Enjoy a fresh perspective on this Scriptural account.
After the rumored resurrection of Jesus son of Joseph, the strange little sect known as The Way had experienced a stunning resurgence across Jerusalem.
The city’s elders dragged Stephen, one of the group’s ringleaders, outside the city gates to execute the Law’s justice with hurled stones, then seized the moment to finish off this wrong Way once and for all. They launched fiery, ambitious young proteges on a mission to root out every single follower of the heretic rabbi, convinced that these mostly fringe people posed a Defcon 5 threat to more than a thousand years of Jewish faith and tradition.
A young Saul made a name for himself as a dedicated member of the A-team, ferreting out followers of Jesus in the city and bodily dragging them to jail. And then, the ultimate company boy asked for extra credit homework from no less than the Big Kahuna himself, the High Priest: letters he could carry a week’s journey to Damascus to the synagogues there, explaining his mission, enlisting help so he could continue his Rambo-like campaign to ferret out the both male and female rats that had scattered from Jerusalem.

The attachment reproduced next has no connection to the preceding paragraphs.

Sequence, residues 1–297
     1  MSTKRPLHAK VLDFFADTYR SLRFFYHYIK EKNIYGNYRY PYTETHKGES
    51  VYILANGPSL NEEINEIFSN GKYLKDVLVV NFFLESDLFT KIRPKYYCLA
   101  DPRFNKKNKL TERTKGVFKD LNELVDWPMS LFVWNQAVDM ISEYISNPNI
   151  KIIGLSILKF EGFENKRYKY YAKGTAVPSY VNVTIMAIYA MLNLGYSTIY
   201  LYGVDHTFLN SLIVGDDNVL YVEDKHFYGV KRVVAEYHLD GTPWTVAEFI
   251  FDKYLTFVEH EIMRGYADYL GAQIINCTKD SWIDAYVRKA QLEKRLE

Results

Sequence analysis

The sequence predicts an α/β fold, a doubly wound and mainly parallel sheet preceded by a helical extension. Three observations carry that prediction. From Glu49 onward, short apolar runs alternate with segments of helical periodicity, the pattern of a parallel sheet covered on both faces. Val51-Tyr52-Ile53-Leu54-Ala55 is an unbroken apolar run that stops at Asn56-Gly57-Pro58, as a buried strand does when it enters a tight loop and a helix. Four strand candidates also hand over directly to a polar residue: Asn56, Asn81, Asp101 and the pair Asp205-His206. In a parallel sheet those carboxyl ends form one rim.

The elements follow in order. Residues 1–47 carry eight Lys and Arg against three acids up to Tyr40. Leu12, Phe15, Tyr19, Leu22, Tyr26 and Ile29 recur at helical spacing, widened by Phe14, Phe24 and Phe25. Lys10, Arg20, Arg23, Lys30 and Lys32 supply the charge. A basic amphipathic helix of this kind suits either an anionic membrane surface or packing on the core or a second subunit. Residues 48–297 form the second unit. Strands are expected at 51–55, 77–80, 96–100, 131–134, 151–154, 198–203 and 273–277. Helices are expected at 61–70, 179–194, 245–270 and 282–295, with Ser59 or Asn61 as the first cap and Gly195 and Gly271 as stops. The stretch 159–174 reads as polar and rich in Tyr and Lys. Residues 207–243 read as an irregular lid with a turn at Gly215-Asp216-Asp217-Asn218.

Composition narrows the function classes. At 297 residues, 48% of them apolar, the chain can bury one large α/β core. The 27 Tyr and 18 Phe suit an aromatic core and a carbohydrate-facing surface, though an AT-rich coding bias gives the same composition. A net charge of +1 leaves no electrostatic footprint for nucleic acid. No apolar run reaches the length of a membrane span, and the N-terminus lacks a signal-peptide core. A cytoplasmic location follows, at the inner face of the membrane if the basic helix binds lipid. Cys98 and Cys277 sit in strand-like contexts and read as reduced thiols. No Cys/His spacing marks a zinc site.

Damascus was near when out of a quiet blue sky a white hot-bright ball of light enveloped him – an explosion. He fell to the ground, a mortally-wounded soldier. In the confusion, a rumble carrying echoes of a roar. Saul writhed like a newborn baby exposed to the elements for the first time. Flat on his back on the hard-packed road, he stared directly into the high noon sun without blinking, and whispered “Who are you, Lord?”
The contingent with him stepped back in fear and confusion, the sound of thunder piercing the cloudless sky. When he staggered to his feet a few moments later, he waved his arms wildly looking for balance but finding none. One of his companions rushed to Saul’s side. Saul grabbed onto him, steadying himself. His pupils were as wide as platters.
The contingent headed toward Damascus was now without its general. It wasn’t just his sudden blindness after the disorienting encounter on the road from Jerusalem that drained the burning bile from Saul’s leadership. It was the Voice he heard in the flash and thunder: “Saul, Saul, why do you persecute me?”
The Voice knew his name. The Voice knew what he’d done.
“Who are you, Lord?” he whispered. Those on the road with him could taste the fear in Saul’s words. If there was an answer given, it was drowned in the sudden downpour of thunder enveloping their visionary leader.
And then, it was over. All was silent. Dazed, Saul staggered to his feet, and rubbed at his eyes. Then he rubbed harder, stumbling in sloppy circles until he bumped into one of his terrified traveling companions. Saul grabbed the man’s cloak in his mid-day darkness. “Did you hear what He said to me? Did you hear?”